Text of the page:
First they book a hotel to serve as headquarters for three days.
They plan a Friday night Hawaiian luau around the hotel pool and a Saturday night banquet for nearly 300 people. They schedule educational and recreational group tours of the host city and arrange for elaborate evening entertainment.
No, it’s not the Kiwanis Club organizing a national convention. It’s members of the Kennedy family of Kentucky-descendants of former slaves Jim and Mary Jane Kennedy- gearing up for their family’s 53rd annual reunion this month at Louisville’s Galt House East.
Jim and Mary Jane Kennedy of Lancaster, Kentucky, settled in Tennessee, but their descendants are scattered across the U.S. In 1946 the 17 children of Dave Kennedy, son of Jim and Mary Jane, gathered along with their spouses in Cleveland, Ohio, for what would become an annual reunion.
The Kennedys of Kentucky first hosted the get-together in Louisville in 1949 at the home of Dave’s son, Edward, and his wife, Macie. Those early reunions were simple affairs where families gathered in homes. Local hostesses cooked all the food, and out-of-towners were overnight guests.
As genealogical studies turned up relatives in several states and the gatherings expanded to include more generations, the nature of the reunion changed. Soon the event was moving annually from state to state. As more and more Kennedys showed up, the family gathering relocated to hotels in host cities. Now caterers fed the crowd.
In recent years, host families have used the reunion to show off their cities. Kennedys in each state consider it a matter of pride to outdo the previous year’s hosts.
“Oh, we’re a competitive family,” admits Kathryn Kennedy Wallace of Louisville, “but competitive in a positive way.”
This August when the Kentuckians welcome their kin to Louisville for the seventh time, surpassing recent family reunions will be a challenge. In Texas in 1994, Kennedys donned western apparel and twirled their partners at a hoedown. At the 50th reunion in Cleveland in 1996, attendees took day trips to the Rock and Roll Hall of Fame and the Cleveland Zoo and dressed formally for the “Black and Gold” dance.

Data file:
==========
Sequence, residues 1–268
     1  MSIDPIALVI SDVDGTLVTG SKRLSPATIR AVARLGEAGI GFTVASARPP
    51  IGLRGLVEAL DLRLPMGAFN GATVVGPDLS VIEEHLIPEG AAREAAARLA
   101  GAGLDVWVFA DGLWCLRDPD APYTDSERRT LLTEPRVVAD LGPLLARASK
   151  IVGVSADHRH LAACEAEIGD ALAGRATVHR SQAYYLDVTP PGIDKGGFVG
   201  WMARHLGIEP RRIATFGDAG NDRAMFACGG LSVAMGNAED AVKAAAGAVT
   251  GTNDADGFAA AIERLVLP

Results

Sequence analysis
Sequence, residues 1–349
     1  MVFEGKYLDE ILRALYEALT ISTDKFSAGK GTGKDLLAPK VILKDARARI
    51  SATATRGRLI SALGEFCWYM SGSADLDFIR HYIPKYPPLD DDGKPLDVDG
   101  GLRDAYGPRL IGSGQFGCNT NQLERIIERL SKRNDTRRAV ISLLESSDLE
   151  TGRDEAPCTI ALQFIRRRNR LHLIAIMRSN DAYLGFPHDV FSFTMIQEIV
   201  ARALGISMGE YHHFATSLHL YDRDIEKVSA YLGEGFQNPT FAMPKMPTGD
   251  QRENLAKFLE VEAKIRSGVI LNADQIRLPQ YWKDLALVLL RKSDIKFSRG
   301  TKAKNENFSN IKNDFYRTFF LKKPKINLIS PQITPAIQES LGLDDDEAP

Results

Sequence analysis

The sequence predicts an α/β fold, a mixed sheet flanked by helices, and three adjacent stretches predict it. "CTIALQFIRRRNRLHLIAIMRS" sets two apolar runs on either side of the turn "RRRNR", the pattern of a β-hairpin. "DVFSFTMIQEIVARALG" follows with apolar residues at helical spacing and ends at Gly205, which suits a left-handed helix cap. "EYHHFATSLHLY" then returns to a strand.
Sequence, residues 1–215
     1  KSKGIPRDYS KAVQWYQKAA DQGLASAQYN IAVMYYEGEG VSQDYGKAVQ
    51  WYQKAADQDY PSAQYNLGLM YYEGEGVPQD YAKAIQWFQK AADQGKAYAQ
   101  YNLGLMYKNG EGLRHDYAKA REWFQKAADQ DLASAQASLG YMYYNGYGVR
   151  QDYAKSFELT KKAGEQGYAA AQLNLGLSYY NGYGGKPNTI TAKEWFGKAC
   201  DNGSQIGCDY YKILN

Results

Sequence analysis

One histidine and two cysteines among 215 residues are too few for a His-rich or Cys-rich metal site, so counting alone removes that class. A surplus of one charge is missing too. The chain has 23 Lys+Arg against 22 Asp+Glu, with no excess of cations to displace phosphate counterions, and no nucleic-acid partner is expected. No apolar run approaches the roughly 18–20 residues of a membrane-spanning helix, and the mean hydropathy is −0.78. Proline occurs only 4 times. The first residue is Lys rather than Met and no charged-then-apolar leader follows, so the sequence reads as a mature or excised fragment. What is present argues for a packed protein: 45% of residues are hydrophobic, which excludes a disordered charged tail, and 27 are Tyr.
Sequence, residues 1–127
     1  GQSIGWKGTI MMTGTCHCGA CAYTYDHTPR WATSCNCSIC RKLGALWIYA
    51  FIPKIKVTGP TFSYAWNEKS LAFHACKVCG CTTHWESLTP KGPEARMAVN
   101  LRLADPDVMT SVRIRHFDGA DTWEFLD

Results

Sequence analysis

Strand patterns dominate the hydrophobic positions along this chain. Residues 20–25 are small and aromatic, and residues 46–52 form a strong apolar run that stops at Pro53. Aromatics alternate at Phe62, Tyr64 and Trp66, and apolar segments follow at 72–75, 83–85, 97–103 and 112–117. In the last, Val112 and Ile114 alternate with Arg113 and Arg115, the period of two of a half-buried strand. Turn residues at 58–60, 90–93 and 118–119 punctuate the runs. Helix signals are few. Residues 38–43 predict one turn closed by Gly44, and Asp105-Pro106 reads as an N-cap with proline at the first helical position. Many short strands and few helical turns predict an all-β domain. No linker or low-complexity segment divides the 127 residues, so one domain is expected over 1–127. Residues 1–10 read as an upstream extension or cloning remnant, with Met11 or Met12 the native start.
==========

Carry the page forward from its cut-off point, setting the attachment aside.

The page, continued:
Kennedys at the 1997 Oklahoma gathering attended an all African-American rodeo and a Native American powwow, as well as an African “rite of passage” ceremony for a 12-year-old relative. When the family met in Michigan in 1998, they toured local Underground Railroad sites and wore traditional African attire to a dinner in the banquet room overlooking the Detroit Lions Silverdome.
Planning for this year’s reunion has been intense. The Kentucky Kennedys-Mrs. Macie Kennedy of Louisville and her eight children and their families-have met in a different sibling’s home once a month for a year. The sessions are, themselves, mini-reunions with printed agendas, committee reports, and dinner for sometimes 20 relatives.
Co-chaired this year by Mickey Kennedy and Jim Green, the planners have outdone themselves. Besides attending the luau and banquet, relatives will dress in ’70s attire, groove to the music of that decade, and attend a family-style (play money only) casino night.
Over the long weekend, they will choose from a variety of activities. Some may attend a tea and crumpets affair to which ladies are invited to wear Sunday dresses, white gloves, and fancy hats. Others could opt for playing in the family golf scramble. City tours will feature the Louisville Science Center and the Louisville Slugger Museum and Bat Factory. Shoppers can visit a local mall.
Kennedy youngsters will have their own agenda with everything from a picnic in the park with sack races and relays for the small children, to a basketball tournament and trip to Six Flags Kentucky Kingdom for the older set.
At least one deserving Kennedy youth will receive the James Mitchell Sr. Scholarship, given in honor of a deceased family member who was a lifelong advocate of higher education. The hefty financial reward will go to an essay contest winner who has at least a 2.5 grade point average.
Host family members will serve as babysitters and as security personnel.
“That’s right,” says Lexingtonian Bill Wilson, husband of Margie Kennedy Wilson, and one of this year’s enforcers. “We want to make sure our kids are behaving themselves-not running up and down the halls pulling fire alarms.
“Quite frankly,” laughs Wilson, “the host family members don’t have that much fun. We’re too busy making sure things run smoothly for everybody